I don't know about the lens selection with large format, though. I assume it isn't practical. My understanding is this person sets up a perch and a blind and waits with the camera focused properly for the subject. Doesn't sound like lots of fun to me, but it will produce great images.

Eric
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Old Nov 14, 2005, 6:57 PM   #24
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will post some other shots later
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Old Nov 15, 2005, 8:59 AM   #25
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techgeek419 wrote:
Quote:
What I have foundwith digital cams used, isthat in dusk shots with objects, you get one ofthe following:

1) great sky hues, but dark objects in frontof it (no flash,since its too far to reach)
OR
2) bright objects (bridges or trees)but nohues in the sky (its one solid color)

Withdigitals, Ive even triedvarious manual white balance settings, and other "tweaking", butcant seem to achievedecent results. Maybe I am doing something wrong, not sure. It was just alot less complicated with P&S film. (I'm still learning).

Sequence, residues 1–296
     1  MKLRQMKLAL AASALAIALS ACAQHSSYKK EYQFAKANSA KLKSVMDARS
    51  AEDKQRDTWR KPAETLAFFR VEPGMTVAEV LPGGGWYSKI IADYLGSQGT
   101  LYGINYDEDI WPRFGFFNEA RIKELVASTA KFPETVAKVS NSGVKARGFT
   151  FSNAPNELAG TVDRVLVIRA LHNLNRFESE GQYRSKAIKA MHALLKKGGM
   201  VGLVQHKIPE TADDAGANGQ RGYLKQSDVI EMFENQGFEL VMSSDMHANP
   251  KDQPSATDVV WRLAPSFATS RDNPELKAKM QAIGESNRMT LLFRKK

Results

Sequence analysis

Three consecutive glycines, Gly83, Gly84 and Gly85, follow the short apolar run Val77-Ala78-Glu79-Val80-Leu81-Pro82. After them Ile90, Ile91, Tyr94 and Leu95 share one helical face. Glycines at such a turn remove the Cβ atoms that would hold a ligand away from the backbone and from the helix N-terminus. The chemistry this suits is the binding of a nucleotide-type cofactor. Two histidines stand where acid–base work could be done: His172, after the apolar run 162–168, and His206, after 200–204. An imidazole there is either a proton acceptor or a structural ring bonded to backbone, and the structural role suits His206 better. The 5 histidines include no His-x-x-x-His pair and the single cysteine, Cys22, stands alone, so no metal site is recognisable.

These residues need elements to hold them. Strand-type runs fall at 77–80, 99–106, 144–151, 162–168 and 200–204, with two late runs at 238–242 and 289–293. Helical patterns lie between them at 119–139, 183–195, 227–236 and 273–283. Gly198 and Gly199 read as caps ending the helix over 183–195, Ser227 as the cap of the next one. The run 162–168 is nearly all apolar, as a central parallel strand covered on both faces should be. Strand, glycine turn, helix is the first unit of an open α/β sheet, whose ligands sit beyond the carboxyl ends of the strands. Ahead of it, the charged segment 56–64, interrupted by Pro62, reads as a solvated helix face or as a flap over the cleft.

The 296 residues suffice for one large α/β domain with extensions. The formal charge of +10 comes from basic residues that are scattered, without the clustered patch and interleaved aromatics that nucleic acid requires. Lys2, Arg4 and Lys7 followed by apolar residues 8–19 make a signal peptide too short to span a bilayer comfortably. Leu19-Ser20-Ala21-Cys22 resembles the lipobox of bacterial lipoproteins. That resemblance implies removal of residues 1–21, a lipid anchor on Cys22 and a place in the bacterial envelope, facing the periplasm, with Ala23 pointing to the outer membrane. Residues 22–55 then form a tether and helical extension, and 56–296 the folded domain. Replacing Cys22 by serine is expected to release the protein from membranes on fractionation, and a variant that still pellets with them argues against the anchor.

I hope the message makes sense. It's hard to describe the specifics exactly...
You mean like this from a Canon 10D (the closest i can get to your shot) @ sunrise?






... this is from a moon shot @ sunset:






-> and same shot angle but during the day instead: :idea:


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Old Nov 15, 2005, 1:19 PM   #26
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techgeek419 wrote:
Quote:
What I have foundwith digital cams used, isthat in dusk shots with objects, you get one ofthe following:

1) great sky hues, but dark objects in frontof it (no flash,since its too far to reach)
OR
2) bright objects (bridges or trees)but nohues in the sky (its one solid color)

Learn PS. You take 2 shots and blend in PS. If taken in RAW you can just take 1 shot and process it differently, once for highlights and second time for shadow detail and mix 2 up in PS.

Actually using flash for closer subjects in evenings shots does work fine on digital.
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Old Nov 15, 2005, 1:22 PM   #27
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eric s wrote:
Quote:
Bobbyz, believe it or not, there is a guy who shoots wildlife with a medium format. He is very limited in subject matter (things he can get close enough for a 300mm) but the results is absolute stunning.

I don't know about the lens selection with large format, though. I assume it isn't practical. My understanding is this person sets up a perch and a blind and waits with the camera focused properly for the subject. Doesn't sound like lots of fun to me, but it will produce great images.

Eric